“I’m going to ask our patrons … to be responsible,” Gunn said during Senate debate. “Ultimately it’s going to come down to the behavior of the patrons on how effective this will be, whether it be inside or out.”

Gunn called the bill an economic lifeline to people whose lives, and their businesses, are torn apart by COVID-19. “We have a chance to provide an economic ventilator that may give these businesses a breath of hope to be successful for years to come.”

As it moved through legislative committees, House Bill 536 — at first ABC omnibus reform — was coupled with House Bill 902, also a revised bill. The bills contained separate language for bars and restaurants/brewpubs, but Gunn proposed an amendment Thursday combining them. The amendment passed, 36-10.

Marcus said bars and restaurants are disparate entities. Gunn said they aren’t, as each will follow rules and guidelines from the Centers for Disease Control and Prevention and the state health department.

“It’s not going to turn into a big festival,” Gunn responded.

“The outdoor food and drink service seating capacity,” H.B. 536 says, “is limited to 50% of the current indoor seating capacity of the establishment, or 100 customers, whichever is less.”

Senators, even despite the objections, generally applauded the bill, with Democrats and Republicans offering stories relating economic freefall and financial ruin. From business owners in urban areas and small towns. Stories about people who have taken loans and mortgaged homes. About businesses losing thousands of dollars each month. About restaurants and bars that have simply boarded up and closed for good. House Republicans echoed those worries.

Sen. Chuck Edwards, R-Henderson, said he fully supports Gunn’s bill. With a caveat.

“I can tell you that a restaurant is not profitable at 50%,” Edwards said. “The only reason I can think that a restaurant would be willing to open at 50% capacity is because that’s one step toward 100% capacity.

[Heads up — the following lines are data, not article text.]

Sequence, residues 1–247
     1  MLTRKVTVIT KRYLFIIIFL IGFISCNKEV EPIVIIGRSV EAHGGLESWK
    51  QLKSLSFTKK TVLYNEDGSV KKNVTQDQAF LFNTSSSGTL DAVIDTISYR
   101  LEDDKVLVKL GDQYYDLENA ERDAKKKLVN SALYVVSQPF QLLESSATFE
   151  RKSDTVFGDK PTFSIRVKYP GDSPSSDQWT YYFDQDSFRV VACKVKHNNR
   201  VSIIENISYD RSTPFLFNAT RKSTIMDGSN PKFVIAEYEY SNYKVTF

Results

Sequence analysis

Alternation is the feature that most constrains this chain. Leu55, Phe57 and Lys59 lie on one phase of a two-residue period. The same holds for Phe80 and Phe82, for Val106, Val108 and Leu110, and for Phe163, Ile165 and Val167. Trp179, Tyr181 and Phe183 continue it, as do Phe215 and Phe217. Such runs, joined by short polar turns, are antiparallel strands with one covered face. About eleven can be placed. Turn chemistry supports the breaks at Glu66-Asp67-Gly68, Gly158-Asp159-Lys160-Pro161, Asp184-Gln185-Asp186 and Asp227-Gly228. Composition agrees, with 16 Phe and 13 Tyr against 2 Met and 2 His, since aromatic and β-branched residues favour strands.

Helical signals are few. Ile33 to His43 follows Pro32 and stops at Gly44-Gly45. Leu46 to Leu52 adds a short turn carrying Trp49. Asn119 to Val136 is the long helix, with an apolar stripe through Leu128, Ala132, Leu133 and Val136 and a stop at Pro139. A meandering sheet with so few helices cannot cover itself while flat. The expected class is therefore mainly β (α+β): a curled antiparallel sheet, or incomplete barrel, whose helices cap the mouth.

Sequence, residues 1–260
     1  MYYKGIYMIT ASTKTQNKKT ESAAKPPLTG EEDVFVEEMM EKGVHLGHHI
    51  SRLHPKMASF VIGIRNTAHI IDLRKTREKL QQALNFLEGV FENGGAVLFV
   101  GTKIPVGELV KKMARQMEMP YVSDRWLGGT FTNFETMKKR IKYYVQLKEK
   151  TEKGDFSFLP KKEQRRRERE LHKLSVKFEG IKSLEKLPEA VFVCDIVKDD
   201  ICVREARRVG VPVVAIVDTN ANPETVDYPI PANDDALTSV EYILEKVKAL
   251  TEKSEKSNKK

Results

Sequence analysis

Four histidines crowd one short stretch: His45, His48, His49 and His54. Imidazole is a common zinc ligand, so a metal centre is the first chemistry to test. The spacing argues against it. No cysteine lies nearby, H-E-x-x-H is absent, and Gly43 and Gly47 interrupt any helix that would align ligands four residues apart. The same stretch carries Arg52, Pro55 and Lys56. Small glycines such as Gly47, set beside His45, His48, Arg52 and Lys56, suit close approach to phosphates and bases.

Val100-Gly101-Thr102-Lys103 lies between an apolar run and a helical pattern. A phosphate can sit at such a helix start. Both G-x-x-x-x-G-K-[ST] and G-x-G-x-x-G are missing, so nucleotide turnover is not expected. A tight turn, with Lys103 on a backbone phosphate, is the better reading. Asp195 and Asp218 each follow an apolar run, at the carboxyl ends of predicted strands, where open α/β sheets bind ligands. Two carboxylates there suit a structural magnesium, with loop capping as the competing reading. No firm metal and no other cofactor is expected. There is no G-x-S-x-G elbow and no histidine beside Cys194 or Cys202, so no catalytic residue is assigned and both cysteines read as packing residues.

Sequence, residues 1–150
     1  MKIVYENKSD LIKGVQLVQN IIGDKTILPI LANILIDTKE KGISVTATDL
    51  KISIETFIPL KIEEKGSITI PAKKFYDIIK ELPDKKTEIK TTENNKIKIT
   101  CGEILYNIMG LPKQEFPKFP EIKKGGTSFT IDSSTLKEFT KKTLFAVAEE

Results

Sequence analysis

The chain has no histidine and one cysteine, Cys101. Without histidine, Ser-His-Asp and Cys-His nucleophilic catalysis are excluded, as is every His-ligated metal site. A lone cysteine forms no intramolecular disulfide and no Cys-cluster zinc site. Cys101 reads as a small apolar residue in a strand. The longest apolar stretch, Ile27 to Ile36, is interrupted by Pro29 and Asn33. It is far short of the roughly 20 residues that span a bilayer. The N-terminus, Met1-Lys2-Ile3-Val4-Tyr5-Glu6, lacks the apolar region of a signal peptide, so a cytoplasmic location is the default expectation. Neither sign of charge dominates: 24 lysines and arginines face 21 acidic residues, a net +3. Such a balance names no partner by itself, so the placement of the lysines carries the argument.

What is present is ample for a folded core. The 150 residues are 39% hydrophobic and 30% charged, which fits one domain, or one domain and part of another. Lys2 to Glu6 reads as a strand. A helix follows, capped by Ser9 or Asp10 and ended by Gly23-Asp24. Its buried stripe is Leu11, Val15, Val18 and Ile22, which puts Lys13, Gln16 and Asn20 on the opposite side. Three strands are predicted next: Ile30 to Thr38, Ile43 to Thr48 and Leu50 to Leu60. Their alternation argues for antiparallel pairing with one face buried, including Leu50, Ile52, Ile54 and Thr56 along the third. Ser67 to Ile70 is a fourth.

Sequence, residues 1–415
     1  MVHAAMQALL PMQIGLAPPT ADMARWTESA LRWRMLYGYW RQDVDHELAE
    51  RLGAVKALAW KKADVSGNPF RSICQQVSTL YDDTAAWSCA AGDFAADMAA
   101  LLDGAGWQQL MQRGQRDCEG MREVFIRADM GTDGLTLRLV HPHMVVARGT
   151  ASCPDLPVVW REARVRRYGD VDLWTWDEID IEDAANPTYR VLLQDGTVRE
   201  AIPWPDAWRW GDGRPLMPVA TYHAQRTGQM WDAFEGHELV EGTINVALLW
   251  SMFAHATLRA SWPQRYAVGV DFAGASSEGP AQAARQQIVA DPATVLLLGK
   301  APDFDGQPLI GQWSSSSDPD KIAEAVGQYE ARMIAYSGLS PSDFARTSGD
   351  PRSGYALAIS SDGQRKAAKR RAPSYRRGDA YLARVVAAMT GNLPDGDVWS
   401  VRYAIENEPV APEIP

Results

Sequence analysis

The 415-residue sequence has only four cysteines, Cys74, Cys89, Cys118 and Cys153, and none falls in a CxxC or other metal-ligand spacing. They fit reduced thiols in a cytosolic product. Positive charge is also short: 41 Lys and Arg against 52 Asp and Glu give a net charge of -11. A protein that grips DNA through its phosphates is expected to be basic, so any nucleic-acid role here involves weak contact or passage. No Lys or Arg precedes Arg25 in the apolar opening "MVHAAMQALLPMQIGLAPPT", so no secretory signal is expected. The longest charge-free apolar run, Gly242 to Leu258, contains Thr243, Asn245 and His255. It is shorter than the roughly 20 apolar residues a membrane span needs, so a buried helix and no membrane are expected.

“This is a step in the right direction, but we’ve got a long way to go.”

Importantly, the bill says, “The outdoor seating area authorized in … this act shall not be prohibited by a municipality or county because the outdoor seating area is not a permitted use for operation of food and drink services under zoning ordinances.”

In a news release, Senate leader Phil Berger, R-Rockingham, said cities and states across the country are promoting outdoor seating as a safe way to allow bars and restaurants to survive.

California has instituted a regional approach to reopening, and several jurisdictions are changing their regulations to massively expand outdoor seating, the release says. Illinois has a regional approach, and its governor announced that outdoor dining at restaurants is permitted “based on advice from public health officials, who said summer provided a ‘unique opportunity’ to reopen restaurants safely — at least to outdoor diners.”

In Northern Virginia, Arlington County approved a process to provide restaurants with expanded outdoor seating space.

Rep. Chuck McGrady, R-Henderson, the original sponsor of the bill, said he appreciated the principled debate, with two clear sides.

We are a government of checks and balances, McGrady said. “This is an appropriate check and balance.”